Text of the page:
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Wednesday, November 19, 2014

ScienceDaily: Top Science News

ScienceDaily: Top Science News

Memory problems caused by sleep deprivation prevented

Posted: 18 Nov 2014 03:24 PM PST

Scientists have found that a particular set of cells in a small region of the brain are responsible for memory problems after sleep loss. By selectively increasing levels of a signaling molecule in these cells, the researchers prevented mice from having memory deficits.

Ancient New Zealand 'dawn whale' identified

Posted: 18 Nov 2014 03:24 PM PST

Palaeontologists are rewriting the history of New Zealand's ancient whales by describing a previously unknown genus of fossil baleen whales and two species within it. The two whales, which lived between 27-25 million years ago, were preserved in a rock formation near Duntroon in North Otago. At that time the continent of Zealandia was largely or completely under water and the whales were deposited on a continental shelf that was perhaps between 50 to 100 meters deep.

Geologic maps of Vesta asteroid from NASA's Dawn mission

Posted: 18 Nov 2014 11:45 AM PST

Images from NASA's Dawn Mission have been used to create a series of high-resolution geological maps of the large asteroid Vesta, revealing the variety of surface features in unprecedented detail.

Were Neanderthals a sub-species of modern humans? New research says no

Posted: 18 Nov 2014 11:16 AM PST

Researchers have identified new evidence supporting the growing belief that Neanderthals were a distinct species separate from modern humans (Homo sapiens), and not a subspecies of modern humans.

Mother's soothing presence makes pain go away, changes gene activity in infant brain

Posted: 18 Nov 2014 09:54 AM PST

A mother's 'TLC' not only can help soothe pain in infants, but it may also impact early brain development by altering gene activity in a part of the brain involved in emotions, according to a new study.

Biologists explore link between memory deficit and misfiring circadian clock in Siberian hamsters

Posted: 18 Nov 2014 08:00 AM PST

By disrupting Siberian hamsters' circadian rhythms, scientists have identified a part of the brain that, when misfiring, inhibits memory. The work could lead to therapies for neurodegenerative diseases in humans.

Training can lead to synesthetic experiences: Does learning the 'color of' specific letters boost IQ?

Posted: 18 Nov 2014 07:55 AM PST

A new study has shown for the first time how people can be trained to 'see' letters of the alphabet as colors in a way that simulates how those with synesthesia experience their world.

Fundamental constants are still constant: Atomic clocks prove stability of mass ratio of protons to electrons

Posted: 18 Nov 2014 04:27 AM PST

Are the fundamental constants really constant? Recent investigations have shown that one essential fundamental constant -- namely the mass ratio of protons to electrons -- can have changed only by a maximum of one part in a million over the age of our solar system (i.e. extrapolated over approx. 5 billion years). Previously, scientists deemed the possible changes to be twice as high. To obtain this result, physicists from PTB compared caesium and ytterbium atomic clocks with each other for 7 years.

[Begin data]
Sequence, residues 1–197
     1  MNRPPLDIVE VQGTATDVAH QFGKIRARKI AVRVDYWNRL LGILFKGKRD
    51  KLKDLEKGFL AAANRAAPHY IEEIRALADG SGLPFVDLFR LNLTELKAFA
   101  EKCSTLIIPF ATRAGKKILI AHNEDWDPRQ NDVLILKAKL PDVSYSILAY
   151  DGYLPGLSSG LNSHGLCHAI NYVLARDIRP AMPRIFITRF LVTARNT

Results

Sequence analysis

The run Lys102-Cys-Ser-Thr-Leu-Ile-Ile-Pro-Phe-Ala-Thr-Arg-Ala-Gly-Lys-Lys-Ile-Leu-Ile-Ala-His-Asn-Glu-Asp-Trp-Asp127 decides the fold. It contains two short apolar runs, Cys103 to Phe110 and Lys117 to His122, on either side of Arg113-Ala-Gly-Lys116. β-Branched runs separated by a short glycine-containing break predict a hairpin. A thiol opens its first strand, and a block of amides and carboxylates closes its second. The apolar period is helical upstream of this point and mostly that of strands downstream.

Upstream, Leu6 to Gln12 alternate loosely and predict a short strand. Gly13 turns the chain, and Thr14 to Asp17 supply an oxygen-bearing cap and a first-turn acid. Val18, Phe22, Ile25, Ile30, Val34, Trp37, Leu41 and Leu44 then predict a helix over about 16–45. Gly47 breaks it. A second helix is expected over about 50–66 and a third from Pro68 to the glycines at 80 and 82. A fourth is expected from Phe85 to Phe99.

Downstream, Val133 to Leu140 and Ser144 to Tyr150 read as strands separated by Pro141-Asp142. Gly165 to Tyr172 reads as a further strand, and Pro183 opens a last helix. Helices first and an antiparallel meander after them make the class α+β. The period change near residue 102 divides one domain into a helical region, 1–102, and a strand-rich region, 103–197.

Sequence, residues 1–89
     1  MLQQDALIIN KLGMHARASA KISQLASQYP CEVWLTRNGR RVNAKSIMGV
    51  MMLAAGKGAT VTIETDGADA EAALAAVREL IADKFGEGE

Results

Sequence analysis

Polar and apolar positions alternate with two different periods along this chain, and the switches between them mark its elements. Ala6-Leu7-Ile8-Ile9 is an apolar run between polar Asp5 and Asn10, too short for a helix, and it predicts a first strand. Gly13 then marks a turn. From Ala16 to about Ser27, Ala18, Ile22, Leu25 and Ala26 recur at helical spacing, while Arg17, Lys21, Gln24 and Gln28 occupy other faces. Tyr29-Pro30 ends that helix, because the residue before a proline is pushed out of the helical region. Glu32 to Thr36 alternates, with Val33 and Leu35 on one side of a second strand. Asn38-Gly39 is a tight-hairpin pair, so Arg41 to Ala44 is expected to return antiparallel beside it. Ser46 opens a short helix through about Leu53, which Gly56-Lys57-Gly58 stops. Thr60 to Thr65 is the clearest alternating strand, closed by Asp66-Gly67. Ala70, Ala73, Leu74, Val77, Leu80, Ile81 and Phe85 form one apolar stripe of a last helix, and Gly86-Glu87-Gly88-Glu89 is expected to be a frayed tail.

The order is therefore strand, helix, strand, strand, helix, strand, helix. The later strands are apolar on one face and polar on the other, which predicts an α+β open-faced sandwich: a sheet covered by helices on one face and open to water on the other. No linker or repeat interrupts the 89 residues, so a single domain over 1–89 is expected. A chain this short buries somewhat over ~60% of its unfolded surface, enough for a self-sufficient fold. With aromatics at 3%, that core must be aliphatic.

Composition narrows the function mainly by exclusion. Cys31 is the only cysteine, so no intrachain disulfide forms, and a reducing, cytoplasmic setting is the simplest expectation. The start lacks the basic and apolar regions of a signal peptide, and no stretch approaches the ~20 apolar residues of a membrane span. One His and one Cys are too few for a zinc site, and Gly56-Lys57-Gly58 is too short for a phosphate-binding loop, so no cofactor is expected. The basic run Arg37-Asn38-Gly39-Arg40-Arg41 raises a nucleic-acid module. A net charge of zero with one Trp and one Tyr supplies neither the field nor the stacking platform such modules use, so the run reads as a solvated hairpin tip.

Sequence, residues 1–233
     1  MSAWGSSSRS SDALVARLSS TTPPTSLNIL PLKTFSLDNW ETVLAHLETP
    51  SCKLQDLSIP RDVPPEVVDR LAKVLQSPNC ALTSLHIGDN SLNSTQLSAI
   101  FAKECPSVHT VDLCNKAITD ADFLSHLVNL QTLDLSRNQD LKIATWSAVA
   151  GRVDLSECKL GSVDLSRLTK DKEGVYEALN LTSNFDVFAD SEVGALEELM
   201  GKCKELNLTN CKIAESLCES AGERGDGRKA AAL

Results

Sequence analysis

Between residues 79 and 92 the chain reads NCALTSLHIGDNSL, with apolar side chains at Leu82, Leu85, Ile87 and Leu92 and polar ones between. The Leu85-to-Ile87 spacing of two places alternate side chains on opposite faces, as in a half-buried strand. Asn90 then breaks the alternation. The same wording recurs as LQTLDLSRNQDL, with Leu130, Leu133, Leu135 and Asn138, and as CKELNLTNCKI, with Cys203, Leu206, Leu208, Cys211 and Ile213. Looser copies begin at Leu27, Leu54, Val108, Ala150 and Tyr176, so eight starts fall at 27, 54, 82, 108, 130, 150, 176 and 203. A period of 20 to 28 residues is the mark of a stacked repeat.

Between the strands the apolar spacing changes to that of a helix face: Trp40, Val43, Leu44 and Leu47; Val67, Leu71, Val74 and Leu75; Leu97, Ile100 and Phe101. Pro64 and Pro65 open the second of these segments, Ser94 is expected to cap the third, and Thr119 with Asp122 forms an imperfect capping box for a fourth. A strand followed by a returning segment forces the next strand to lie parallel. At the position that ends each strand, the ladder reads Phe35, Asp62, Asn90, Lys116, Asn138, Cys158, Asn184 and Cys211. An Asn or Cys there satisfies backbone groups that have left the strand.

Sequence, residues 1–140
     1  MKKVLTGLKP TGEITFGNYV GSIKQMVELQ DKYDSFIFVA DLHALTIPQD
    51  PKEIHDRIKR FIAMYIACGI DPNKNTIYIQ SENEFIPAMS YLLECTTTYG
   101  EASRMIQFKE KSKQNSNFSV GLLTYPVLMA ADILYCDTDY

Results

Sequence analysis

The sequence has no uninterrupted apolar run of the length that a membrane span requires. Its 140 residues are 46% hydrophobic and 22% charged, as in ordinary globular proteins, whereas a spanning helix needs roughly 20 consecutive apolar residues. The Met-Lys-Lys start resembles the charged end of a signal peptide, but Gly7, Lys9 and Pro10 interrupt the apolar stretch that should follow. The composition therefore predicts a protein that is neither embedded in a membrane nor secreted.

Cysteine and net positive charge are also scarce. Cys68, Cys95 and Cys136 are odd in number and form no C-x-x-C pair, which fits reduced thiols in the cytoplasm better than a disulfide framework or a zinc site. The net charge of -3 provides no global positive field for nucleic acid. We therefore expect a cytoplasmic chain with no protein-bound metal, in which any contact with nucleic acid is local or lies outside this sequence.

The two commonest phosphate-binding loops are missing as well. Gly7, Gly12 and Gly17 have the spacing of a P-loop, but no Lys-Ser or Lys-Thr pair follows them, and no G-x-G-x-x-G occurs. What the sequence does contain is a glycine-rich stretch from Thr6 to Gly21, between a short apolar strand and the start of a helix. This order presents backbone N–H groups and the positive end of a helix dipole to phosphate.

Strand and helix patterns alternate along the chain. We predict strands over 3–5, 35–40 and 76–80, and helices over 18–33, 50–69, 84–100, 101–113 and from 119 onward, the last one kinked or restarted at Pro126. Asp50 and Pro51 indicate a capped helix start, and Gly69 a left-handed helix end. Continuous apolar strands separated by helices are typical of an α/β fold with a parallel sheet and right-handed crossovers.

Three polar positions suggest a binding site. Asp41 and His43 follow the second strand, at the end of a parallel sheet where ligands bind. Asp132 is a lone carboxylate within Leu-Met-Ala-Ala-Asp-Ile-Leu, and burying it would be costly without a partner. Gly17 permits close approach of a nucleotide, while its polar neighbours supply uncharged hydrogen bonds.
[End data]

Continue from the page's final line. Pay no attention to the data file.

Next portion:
Gravity may have saved the universe after the Big Bang, say researchers

Posted: 18 Nov 2014 04:27 AM PST

Physicists may now be able to explain why the universe did not collapse immediately after the Big Bang. Studies of the Higgs particle -- discovered at CERN in 2012 and responsible for giving mass to all particles -- have suggested that the production of Higgs particles during the accelerating expansion of the very early universe (inflation) should have led to instability and collapse.

Finding 'lost' languages in the brain: Far-reaching implications for unconscious role of infant experiences

Posted: 17 Nov 2014 01:43 PM PST

An infant's mother tongue creates neural patterns that the unconscious brain retains years later even if the child totally stops using the language, as can happen in cases of international adoption, according to a new joint study. The study offers the first neural evidence that traces of the "lost" language remain in the brain.

Climate change was not to blame for the collapse of the Bronze Age

Posted: 17 Nov 2014 01:41 PM PST

Scientists will have to find alternative explanations for a huge population collapse in Europe at the end of the Bronze Age as researchers prove definitively that climate change -- commonly assumed to be responsible -- could not have been the culprit.

Worldwide ship traffic up 300 percent since 1992

Posted: 17 Nov 2014 10:08 AM PST

Maritime traffic on the world's oceans has increased four-fold over the past 20 years, likely causing more water, air and noise pollution on the open seas, according to a new study quantifying global ship traffic. The research used satellite data to estimate the number of vessels on the ocean every year between 1992 and 2012. The number of ships traversing the oceans grew by 60 percent between 1992 and 2002. Shipping traffic grew even faster during the second decade of the study, peaking at rate of increase of 10 percent per year in 2011.

New form of crystalline order holds promise for thermoelectric applications

Posted: 14 Nov 2014 05:53 AM PST

Scientists have discovered an entirely new form of crystalline order that simultaneously exhibits both crystal and polycrystalline properties and holds promise for improving the efficiency of thermoelectric devices.

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